James D. La Belle

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For the American physicist, see James W. LaBelle.
James Dennis La Belle
LaBelle JD.jpg   A light blue neck ribbon with a gold star shaped medallion hanging from it. The ribbon is similar in shape to a bowtie with 13 white stars in the center of the ribbon.
James D. La Belle, Medal of Honor recipient
Born (1925-11-22)November 22, 1925
Columbia Heights, Minnesota
Died March 8, 1945(1945-03-08) (aged 19)
KIA on Iwo Jima
Place of burial Fort Snelling, Minnesota
Allegiance United States of America
Service/branch United States Marine Corps
Years of service 1943 - 1945
Rank Private First Class
Unit 27th Marine Regiment
Battles/wars World War II
*Battle of Iwo Jima
Awards Medal of Honor

Private First Class James Dennis La Belle (November 22, 1925-March 8, 1945) enlisted in the United States Marine Corps Reserve on November 18, 1943. Fifteen months later, in his first and last battle, he heroically sacrificed his life at Iwo Jima and was posthumously awarded the Medal of Honor, the highest military honor awarded by the United States.

Early years[edit]

James La Belle was born in Columbia Heights, Minnesota on November 22, 1925. He attended grammar school in his neighborhood in Minneapolis and, in his spare time, played basketball and baseball. His spare time favorite was the raising of homing pigeons. At Columbia Heights High School he starred on the basketball, baseball and boxing teams, while following a vocational course in woodwork and metalwork. During summer vacations he worked as an apprentice acetylene welder for a local air conditioning corporation.

Marine Corps service[edit]

At age 17, with his mother's permission, La Belle enlisted in the United States Marine Corps Reserve in Minneapolis. Recruit training at the MCRD San Diego, California, followed. After completing boot camp, he went to Camp Pendleton, California, where he qualified in the intensive combat training course before embarking for overseas. On June 30, 1944, he joined the regimental Weapons Company, 27th Marines, 5th Marine Division. The following August he sailed on board the USS George F. Elliott, bound for Hilo, Hawaii, and eventually the lava ash shores of Iwo Jima.

At Camp Tarawa, a Marine camp in Hawaii near Hilo, the regimental Weapons Company engaged in more training preparatory to actual combat.

On February 19, 1945, after aerial and naval forces had pounded its desolate surface for many days, the island of Iwo Jima felt the sting of the invading Marine amphibious forces. One of thousands, PFC La Belle fought continuously from the initial landing until March 8, 1945 when he gallantly gave his life and earned the highest military honor his nation could bestow.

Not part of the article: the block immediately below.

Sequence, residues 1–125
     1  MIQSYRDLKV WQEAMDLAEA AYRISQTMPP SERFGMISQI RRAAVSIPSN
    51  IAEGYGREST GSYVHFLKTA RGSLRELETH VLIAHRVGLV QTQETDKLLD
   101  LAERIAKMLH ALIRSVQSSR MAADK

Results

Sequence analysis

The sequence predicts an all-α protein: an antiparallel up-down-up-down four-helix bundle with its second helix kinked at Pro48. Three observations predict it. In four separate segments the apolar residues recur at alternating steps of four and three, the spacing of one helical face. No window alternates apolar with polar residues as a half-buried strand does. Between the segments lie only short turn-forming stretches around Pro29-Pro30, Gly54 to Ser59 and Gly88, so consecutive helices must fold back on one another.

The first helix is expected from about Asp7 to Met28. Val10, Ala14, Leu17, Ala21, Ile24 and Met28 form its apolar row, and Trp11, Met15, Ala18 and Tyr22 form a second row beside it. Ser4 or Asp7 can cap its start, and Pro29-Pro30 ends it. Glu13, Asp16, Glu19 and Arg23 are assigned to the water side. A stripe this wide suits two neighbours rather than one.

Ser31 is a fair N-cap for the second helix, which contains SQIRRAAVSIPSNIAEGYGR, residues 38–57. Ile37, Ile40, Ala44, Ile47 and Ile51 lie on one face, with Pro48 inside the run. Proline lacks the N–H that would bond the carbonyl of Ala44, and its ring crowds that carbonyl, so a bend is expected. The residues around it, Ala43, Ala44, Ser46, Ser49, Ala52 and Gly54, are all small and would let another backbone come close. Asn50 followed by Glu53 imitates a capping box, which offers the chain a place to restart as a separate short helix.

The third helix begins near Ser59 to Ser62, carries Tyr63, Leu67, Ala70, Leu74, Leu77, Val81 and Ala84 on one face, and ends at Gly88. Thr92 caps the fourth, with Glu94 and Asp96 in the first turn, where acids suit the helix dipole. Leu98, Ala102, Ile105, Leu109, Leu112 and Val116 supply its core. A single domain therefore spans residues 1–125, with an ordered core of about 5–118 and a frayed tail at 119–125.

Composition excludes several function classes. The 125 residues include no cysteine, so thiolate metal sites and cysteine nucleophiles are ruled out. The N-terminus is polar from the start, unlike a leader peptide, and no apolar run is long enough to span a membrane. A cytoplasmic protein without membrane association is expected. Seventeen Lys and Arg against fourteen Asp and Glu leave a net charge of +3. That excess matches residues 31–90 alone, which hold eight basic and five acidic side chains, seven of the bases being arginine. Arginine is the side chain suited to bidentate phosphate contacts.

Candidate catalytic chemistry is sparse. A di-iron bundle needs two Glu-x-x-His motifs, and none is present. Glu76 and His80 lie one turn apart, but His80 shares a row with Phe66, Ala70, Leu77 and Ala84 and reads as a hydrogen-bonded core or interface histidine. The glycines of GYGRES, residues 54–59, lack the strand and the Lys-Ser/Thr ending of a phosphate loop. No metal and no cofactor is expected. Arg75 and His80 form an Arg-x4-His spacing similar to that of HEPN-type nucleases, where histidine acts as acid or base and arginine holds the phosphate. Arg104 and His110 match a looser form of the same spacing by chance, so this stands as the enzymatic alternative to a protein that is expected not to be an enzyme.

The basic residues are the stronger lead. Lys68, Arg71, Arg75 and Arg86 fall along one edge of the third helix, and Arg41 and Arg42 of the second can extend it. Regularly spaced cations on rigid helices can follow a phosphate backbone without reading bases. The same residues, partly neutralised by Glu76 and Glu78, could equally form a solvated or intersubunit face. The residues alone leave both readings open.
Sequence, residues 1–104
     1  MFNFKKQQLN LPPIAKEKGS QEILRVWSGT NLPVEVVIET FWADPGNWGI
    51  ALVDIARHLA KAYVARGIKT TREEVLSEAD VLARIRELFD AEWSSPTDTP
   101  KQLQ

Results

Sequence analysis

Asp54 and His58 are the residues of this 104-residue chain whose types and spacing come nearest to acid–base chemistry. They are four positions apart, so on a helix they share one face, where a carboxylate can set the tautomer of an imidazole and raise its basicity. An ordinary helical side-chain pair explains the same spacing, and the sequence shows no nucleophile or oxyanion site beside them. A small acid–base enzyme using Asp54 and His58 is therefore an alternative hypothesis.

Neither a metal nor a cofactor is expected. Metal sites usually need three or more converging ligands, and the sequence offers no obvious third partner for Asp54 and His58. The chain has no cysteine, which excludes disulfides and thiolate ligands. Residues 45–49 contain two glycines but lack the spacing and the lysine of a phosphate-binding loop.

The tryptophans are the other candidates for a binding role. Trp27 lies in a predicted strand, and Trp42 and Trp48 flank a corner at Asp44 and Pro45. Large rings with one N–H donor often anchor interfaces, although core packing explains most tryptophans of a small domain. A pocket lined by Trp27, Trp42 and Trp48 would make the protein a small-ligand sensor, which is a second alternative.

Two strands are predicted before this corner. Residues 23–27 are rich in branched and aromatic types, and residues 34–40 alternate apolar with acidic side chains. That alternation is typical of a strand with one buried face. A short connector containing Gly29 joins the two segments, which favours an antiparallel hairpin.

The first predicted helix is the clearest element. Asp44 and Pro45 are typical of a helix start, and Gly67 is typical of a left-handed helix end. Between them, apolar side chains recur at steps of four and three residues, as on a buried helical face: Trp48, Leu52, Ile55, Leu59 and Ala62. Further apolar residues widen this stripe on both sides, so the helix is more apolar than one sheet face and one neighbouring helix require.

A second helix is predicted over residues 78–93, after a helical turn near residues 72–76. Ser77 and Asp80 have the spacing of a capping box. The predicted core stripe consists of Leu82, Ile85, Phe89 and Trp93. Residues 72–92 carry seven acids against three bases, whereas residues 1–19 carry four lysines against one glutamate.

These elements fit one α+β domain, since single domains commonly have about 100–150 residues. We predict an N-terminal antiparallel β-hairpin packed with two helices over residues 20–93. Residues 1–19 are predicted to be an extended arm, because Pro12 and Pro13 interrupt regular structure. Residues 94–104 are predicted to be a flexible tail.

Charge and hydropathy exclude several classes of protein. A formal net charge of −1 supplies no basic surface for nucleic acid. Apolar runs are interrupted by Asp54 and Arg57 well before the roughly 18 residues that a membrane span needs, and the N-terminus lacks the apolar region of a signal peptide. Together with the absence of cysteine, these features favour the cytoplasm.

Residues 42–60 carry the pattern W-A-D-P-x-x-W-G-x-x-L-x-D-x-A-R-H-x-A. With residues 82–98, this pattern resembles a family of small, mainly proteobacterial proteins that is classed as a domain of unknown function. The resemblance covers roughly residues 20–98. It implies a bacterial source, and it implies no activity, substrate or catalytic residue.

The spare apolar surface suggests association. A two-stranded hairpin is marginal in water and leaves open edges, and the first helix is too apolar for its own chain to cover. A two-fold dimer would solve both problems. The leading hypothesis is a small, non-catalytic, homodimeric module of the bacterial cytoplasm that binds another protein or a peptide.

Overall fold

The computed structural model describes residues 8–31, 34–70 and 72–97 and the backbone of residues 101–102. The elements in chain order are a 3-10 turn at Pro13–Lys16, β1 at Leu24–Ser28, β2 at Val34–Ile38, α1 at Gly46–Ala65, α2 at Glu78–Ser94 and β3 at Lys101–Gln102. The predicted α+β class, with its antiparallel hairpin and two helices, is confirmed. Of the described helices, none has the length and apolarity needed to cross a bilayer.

His mother was presented the Medal of Honor by BGen William E. Riley, then Director of Marine Corps Public Information, in ceremonies on July 21, 1946 in Minneapolis.

Private First Class La Belle's remains were returned to the United States in late 1948, and were reinterred in the cemetery in Fort Snelling, Minnesota.[1] His can be found in section 81, grave 422-Sgrave.[2]

Medal of Honor citation[edit]

The President of the United States takes pride in presenting the MEDAL OF HONOR posthumously to


for service as set forth in the following CITATION:

For conspicuous gallantry and intrepidity at the risk of his life above and beyond the call of duty while serving with the Weapons Company, Twentyseventh Marines, Fifth Marine Division, in action against enemy Japanese forces during the seizure of Iwo Jima in the Volcano Islands, 8 March 1945. Filling a gap in the front lines during a critical phase of the battle, Private First Class LaBelle had dug into a foxhole with two other Marines and grimly aware of the enemy's persistent attempts to blast a way through our lines with hand grenades, applied himself with steady concentration to maintaining a sharply vigilant watch during the hazardous night hours. Suddenly a hostile grenade landed beyond reach in his foxhole. Quickly estimating the situation, he determined to save the others if possible, shouted a warning and instantly dived on the missile, absorbing the exploding charge in his own body and thereby protecting his comrades from serious injury. Stouthearted and indomitable, he had unhesitatingly relinquished his own chance of survival that his fellow Marines might carry on the relentless fight against a fanatic enemy and, his dauntless courage, cool decision and valiant spirit of self-sacrifice in the face of certain death reflect the highest credit upon Private First Class LaBelle and the United States Naval Service. He gallantly gave his life in the service of his country.[3]



James D. La Belle is one of three Minnesota Medal of Honor recipients from the Northeast Twin Cities who are named on the Anoka County Veteran's memorial at Bunker Hills Anoka County Park in Coon Rapids, Minnesota. The other two are Richard E. Kraus and Richard K. Sorenson.

See also[edit]


  1. ^ Notable Persons, Ft. Snelling National Cemetery.
  2. ^ "James D. La Belle". Claim to Fame: Medal of Honor recipients. Find a Grave. Retrieved 2007-11-24. 
  3. ^ "Medal of Honor — PFC James D. LaBelle, USMCR (Medal of Honor citation)". Marines Awarded the Medal of Honor. History Division, United States Marine Corps. Archived from the original on 2007-03-05. Retrieved 2007-11-24. 


 This article incorporates public domain material from websites or documents of the United States Marine Corps.

Further reading[edit]